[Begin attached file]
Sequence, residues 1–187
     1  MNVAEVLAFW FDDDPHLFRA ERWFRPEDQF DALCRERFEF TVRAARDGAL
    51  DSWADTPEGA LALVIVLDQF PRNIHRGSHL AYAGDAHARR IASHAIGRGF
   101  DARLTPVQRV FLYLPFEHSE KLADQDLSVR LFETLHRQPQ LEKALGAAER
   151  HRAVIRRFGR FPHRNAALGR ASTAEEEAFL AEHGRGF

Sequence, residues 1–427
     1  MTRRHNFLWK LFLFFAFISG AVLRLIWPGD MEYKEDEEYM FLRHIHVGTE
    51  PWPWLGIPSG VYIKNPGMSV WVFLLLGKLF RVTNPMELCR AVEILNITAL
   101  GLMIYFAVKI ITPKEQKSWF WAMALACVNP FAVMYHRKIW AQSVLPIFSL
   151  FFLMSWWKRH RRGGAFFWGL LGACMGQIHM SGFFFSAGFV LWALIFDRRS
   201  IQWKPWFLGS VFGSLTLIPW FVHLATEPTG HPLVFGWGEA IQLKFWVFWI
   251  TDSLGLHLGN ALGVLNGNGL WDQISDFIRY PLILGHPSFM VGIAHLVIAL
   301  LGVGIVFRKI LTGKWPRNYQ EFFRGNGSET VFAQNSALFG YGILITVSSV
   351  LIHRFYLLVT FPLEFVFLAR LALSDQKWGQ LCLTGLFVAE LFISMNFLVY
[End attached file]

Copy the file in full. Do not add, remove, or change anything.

Sequence, residues 1–187
     1  MNVAEVLAFW FDDDPHLFRA ERWFRPEDQF DALCRERFEF TVRAARDGAL
    51  DSWADTPEGA LALVIVLDQF PRNIHRGSHL AYAGDAHARR IASHAIGRGF
   101  DARLTPVQRV FLYLPFEHSE KLADQDLSVR LFETLHRQPQ LEKALGAAER
   151  HRAVIRRFGR FPHRNAALGR ASTAEEEAFL AEHGRGF

Sequence, residues 1–427
     1  MTRRHNFLWK LFLFFAFISG AVLRLIWPGD MEYKEDEEYM FLRHIHVGTE
    51  PWPWLGIPSG VYIKNPGMSV WVFLLLGKLF RVTNPMELCR AVEILNITAL
   101  GLMIYFAVKI ITPKEQKSWF WAMALACVNP FAVMYHRKIW AQSVLPIFSL
   151  FFLMSWWKRH RRGGAFFWGL LGACMGQIHM SGFFFSAGFV LWALIFDRRS
   201  IQWKPWFLGS VFGSLTLIPW FVHLATEPTG HPLVFGWGEA IQLKFWVFWI
   251  TDSLGLHLGN ALGVLNGNGL WDQISDFIRY PLILGHPSFM VGIAHLVIAL
   301  LGVGIVFRKI LTGKWPRNYQ EFFRGNGSET VFAQNSALFG YGILITVSSV
   351  LIHRFYLLVT FPLEFVFLAR LALSDQKWGQ LCLTGLFVAE LFISMNFLVY